Wednesday, January 30, 2013


What do you think of when you hear the word badge?  Do you think about a peace officer’s shield?  Do you think about the Boy or Girl Scout who has a number of badges that he/she can earn through diligence and hard work?  Or maybe you think about the fireman whose badge lets you know that he/she is a firefighter. 
That’s what I used to think of, but now I know that there is another type of badge—those that you can “earn” on the internet.  Badges became popular in 2011.  They started out as gaming elements and now seem to be everywhere.  This past summer youth were able to “earn” badges through geocaching in New York and playing the game, Race to the White House.  Players followed coordinates to an “official geocache” where they found a log (not buried and in a public place) where they could find items and weigh in on electoral issues that they felt like were being ignored by the two major parties.  The issues selected for the game were college tuition, gun control, net neutrality, and medical marijuana.  This project, run by Global Kids, Inc. and the Brooklyn Public Library began with placing 48 bugs across the City in Queens, Manhattan, and Brooklyn.  The youth would “find a bug”, consider the issue carried by the bug, and if they believed the issue should be part of the election dialog, they moved the “bug” closer to Washington D.C.  If they disagreed and felt the issue was not appropriate for the dialog, their task was to move the “bug” further away from Washington.  While most of the bugs moved multiple times along the East Coast, one actually made it to France.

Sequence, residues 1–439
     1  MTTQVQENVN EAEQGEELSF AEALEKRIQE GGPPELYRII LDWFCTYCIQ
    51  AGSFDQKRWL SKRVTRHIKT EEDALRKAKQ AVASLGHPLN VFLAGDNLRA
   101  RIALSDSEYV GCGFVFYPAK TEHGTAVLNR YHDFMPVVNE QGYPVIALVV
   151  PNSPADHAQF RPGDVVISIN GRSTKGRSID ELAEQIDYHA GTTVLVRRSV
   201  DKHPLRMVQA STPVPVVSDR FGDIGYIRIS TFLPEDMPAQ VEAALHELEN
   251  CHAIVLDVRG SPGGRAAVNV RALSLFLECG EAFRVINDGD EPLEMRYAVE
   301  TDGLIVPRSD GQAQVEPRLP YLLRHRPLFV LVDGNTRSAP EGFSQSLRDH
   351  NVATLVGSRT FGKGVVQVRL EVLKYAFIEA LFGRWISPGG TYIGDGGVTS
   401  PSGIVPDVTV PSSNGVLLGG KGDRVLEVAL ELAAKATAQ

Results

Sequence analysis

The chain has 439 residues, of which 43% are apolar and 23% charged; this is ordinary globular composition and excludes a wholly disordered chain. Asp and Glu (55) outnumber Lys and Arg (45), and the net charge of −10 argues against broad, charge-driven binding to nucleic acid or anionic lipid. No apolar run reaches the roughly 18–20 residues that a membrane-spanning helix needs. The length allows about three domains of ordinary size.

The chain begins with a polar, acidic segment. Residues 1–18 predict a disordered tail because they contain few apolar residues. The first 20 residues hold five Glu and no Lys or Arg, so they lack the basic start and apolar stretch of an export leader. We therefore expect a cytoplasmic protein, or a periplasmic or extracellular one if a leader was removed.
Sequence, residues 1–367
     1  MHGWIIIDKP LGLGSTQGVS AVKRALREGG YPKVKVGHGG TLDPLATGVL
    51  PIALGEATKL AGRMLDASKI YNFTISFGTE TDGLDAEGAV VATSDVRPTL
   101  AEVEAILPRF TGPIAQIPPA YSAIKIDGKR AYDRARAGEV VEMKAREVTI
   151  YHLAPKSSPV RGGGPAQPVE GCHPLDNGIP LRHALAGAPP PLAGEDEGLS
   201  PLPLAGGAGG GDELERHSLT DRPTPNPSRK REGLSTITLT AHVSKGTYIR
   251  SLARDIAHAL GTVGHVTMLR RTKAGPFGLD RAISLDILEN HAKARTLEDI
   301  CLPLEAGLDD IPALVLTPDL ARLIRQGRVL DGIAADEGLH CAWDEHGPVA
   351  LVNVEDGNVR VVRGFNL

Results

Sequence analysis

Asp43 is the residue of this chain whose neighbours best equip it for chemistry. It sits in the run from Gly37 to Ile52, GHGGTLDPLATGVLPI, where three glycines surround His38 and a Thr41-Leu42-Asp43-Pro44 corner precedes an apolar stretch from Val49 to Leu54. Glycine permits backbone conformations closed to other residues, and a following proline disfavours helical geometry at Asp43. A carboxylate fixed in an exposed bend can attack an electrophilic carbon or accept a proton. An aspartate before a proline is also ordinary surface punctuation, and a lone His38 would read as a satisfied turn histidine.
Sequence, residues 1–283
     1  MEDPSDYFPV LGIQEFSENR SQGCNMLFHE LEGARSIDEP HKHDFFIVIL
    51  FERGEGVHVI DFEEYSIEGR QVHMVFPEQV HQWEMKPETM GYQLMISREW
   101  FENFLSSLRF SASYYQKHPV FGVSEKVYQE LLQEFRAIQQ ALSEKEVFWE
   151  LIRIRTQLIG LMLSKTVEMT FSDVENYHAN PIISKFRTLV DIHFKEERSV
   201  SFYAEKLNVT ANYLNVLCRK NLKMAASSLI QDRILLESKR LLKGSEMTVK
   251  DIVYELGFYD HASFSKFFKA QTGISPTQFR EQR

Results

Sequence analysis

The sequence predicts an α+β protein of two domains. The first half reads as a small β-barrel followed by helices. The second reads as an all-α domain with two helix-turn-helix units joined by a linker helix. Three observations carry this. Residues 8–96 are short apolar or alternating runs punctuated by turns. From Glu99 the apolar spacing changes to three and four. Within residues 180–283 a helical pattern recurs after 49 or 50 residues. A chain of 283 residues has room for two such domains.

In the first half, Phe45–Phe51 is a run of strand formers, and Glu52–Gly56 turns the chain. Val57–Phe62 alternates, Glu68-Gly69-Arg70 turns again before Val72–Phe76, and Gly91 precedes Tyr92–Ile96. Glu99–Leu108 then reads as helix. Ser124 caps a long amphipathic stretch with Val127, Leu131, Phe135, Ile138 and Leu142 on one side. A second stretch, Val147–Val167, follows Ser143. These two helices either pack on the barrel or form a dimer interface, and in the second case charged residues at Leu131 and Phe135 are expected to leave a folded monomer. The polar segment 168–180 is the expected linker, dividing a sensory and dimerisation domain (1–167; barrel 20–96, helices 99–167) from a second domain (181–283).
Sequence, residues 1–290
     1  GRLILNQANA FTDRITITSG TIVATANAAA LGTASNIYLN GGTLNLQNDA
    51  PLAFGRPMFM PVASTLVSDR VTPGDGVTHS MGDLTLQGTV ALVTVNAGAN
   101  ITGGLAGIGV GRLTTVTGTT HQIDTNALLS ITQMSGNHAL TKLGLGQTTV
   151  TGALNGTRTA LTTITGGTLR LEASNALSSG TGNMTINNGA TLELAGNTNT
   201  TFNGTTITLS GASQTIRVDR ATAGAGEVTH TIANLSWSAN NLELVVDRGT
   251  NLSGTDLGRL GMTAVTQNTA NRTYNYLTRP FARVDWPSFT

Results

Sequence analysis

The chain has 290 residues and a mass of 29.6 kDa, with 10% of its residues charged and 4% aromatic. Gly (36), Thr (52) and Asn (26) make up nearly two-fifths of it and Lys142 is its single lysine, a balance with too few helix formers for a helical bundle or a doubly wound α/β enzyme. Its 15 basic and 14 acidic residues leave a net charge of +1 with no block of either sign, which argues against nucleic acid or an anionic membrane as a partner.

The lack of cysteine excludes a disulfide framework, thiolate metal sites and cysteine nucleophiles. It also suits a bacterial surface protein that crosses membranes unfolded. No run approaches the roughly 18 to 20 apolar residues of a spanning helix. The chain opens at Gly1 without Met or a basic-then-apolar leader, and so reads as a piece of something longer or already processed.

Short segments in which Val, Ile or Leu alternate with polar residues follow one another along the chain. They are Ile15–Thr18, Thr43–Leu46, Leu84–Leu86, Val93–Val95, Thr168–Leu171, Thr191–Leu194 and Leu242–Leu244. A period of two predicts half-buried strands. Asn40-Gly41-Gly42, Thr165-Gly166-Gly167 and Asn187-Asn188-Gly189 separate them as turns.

So you may be wondering where the badges come in.  Youth weighed in on the issues and shared what they had learned and the insight they had as a result of the research they did and information they gathered.  If they could demonstrate that they had successfully practiced the hard skills (research, public speaking, augments with data layers, write a workshop, practice writing online, and interact through geo-tagging), soft skills (critical thinking, respectful participation, and collaboration), knowledge (understanding how to use global positioning and issues expertise), and/or participation (geocacher, no unexcused absences, park explorer, alum), they could earn the virtual badges they were seeking. 

This is just one way to use a badging system.  How might you use badging to support student learning?  Check in and let us know.

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